(b) Place the teabag in the warm cup (before, after, while) you pour the water.

3. True (T), False (F) or No Information Given (NIG).


Read the following sentences and tick () the correct box. 3 marks

T F NIG
(a) To boil water you must use an electric kettle.
(b) You know the water has boiled when the kettle whistles.
(c) Remove the teabag from the cup after two minutes.
(d) A teabag can be recycled.
(e) Many people like tea with sugar or honey.
(f) Only cake is suitable to have with a cup of tea.

English Reading Comprehension End of Primary Benchmark Second Session 2014 Page 3 of 9
Reading Comprehension 2 (24 marks)

Read the text below, which is divided into two sections. Then, answer the
questions that follow each section.

Section 1 The Channel Tunnel

1802 French engineer Albert Mathieu Favier


suggests an underwater tunnel
between France and England.

1875 The Channel Tunnel Company Limited


begins digging near Dover, England.

1882 Work is stopped. The British are afraid of a foreign attack.

1974 The French and British Governments start digging again,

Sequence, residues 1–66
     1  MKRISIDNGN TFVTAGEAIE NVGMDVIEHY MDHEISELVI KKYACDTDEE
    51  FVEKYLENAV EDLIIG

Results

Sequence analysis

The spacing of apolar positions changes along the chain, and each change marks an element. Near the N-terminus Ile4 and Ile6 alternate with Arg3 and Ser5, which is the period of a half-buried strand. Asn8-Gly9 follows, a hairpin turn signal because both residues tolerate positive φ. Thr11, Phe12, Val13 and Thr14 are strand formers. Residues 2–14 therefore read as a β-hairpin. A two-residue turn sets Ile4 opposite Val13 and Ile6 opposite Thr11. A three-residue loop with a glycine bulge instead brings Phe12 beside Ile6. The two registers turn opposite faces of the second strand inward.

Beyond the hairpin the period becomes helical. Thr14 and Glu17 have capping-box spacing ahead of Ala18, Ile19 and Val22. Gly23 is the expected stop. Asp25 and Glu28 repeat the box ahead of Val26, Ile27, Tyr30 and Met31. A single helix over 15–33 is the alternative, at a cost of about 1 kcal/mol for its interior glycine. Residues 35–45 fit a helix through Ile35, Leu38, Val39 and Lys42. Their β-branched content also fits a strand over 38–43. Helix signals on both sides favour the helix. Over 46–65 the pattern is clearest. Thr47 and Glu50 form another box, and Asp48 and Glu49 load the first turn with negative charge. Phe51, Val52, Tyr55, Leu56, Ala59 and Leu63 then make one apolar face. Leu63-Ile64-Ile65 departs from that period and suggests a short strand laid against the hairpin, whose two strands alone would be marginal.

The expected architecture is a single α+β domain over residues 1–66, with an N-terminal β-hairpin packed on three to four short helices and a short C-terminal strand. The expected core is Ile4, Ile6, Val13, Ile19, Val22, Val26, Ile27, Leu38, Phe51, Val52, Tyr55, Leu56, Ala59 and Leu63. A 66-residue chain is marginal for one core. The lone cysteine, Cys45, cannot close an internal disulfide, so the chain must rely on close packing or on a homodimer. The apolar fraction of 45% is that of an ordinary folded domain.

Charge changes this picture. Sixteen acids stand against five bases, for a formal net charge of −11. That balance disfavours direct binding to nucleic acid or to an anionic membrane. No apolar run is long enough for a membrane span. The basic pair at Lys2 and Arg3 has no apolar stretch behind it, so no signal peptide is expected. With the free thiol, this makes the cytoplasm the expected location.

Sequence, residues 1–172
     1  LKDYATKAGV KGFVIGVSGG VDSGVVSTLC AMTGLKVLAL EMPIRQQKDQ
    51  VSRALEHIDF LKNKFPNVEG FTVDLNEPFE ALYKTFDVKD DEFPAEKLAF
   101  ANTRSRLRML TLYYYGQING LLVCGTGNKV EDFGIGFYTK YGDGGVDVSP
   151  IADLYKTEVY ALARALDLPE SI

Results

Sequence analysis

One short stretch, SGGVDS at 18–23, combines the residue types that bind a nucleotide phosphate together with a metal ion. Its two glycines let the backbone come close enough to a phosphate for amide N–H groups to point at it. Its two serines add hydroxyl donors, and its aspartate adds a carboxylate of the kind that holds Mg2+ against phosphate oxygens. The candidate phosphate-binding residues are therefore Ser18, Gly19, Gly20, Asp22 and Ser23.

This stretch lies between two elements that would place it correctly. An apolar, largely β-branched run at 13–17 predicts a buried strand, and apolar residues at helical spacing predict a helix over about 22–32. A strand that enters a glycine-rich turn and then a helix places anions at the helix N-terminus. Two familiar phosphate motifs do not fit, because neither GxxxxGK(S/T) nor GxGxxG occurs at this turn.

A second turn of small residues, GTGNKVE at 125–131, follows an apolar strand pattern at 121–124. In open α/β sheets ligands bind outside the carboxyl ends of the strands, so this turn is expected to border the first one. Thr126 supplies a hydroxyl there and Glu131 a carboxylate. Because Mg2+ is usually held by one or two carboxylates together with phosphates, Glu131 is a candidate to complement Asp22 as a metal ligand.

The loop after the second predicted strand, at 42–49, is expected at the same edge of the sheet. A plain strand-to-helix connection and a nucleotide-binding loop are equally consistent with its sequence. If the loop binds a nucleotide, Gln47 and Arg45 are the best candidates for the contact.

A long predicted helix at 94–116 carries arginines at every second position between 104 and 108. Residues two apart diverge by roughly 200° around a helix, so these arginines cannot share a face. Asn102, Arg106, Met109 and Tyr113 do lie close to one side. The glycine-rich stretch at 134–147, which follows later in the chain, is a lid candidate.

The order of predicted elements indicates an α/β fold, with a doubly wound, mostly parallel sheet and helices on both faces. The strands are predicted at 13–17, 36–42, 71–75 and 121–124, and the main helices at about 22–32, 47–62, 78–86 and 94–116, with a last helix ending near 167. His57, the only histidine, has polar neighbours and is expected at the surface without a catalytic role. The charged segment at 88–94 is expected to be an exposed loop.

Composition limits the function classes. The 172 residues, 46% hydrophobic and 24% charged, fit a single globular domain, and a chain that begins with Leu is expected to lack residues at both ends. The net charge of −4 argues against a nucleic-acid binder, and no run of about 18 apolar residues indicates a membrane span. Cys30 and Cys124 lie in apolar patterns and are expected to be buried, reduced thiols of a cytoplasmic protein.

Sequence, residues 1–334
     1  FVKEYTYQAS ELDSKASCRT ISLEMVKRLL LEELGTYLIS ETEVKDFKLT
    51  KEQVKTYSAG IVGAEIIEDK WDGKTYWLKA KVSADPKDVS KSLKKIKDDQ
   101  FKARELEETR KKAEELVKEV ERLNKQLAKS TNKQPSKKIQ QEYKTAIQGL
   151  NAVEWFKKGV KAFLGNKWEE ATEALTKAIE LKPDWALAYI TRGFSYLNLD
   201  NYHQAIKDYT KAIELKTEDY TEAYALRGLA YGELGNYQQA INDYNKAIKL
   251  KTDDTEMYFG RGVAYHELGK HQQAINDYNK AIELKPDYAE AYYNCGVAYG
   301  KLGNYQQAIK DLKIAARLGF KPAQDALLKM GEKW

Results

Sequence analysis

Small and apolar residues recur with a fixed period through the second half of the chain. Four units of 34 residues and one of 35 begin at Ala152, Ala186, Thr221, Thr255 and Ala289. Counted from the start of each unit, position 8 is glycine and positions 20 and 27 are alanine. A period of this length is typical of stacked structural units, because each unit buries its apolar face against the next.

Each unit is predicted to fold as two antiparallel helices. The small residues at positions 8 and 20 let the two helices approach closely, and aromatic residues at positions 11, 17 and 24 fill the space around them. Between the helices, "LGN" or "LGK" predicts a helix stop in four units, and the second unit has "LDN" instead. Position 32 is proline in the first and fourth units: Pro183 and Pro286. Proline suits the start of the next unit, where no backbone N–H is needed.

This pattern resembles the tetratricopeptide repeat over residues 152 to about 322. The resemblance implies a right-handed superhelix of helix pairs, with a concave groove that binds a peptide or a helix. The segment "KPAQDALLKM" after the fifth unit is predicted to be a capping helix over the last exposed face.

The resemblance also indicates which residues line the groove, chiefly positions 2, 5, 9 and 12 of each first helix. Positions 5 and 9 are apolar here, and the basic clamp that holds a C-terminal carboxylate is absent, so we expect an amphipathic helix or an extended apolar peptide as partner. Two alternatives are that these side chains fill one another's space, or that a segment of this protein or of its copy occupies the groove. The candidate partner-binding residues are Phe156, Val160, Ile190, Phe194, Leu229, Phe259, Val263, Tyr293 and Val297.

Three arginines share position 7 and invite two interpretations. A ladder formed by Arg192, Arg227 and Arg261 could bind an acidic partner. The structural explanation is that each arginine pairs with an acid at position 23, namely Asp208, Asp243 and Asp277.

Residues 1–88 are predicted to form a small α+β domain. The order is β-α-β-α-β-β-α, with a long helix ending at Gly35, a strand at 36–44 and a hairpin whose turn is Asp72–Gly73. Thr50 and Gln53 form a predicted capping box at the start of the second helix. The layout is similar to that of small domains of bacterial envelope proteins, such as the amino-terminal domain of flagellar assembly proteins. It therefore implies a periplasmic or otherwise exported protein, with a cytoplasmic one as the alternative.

but the British Government stops the work again.

1984 A contest to choose the best plan is held.

1986 France and England agree to continue the project.

1988 Tunnelling begins again in France and England.

1990 The two tunnels meet midway under the Channel.


The British arrive there first.

1994 The Channel Tunnel is officially opened and trains


begin to use it.

1996 A fire in a lorry shuttle damages the tunnel.

2004 One of the 580-tonne drills used to excavate


the tunnel is put up for sale on eBay.
It is sold for 39,999.

2007 Eurostar Train Company changes its


London terminus from Waterloo Rail Station
to St Pancras Rail Station.

Page 4 of 9 End of Primary Benchmark Second Session 2014 English Reading Comprehension
Questions on Section 1 8 marks

1. Write down the year when the construction of a tunnel was first proposed.
_________ mark

2. From the first three boxes find a word which is the opposite of started.
___________________________ mark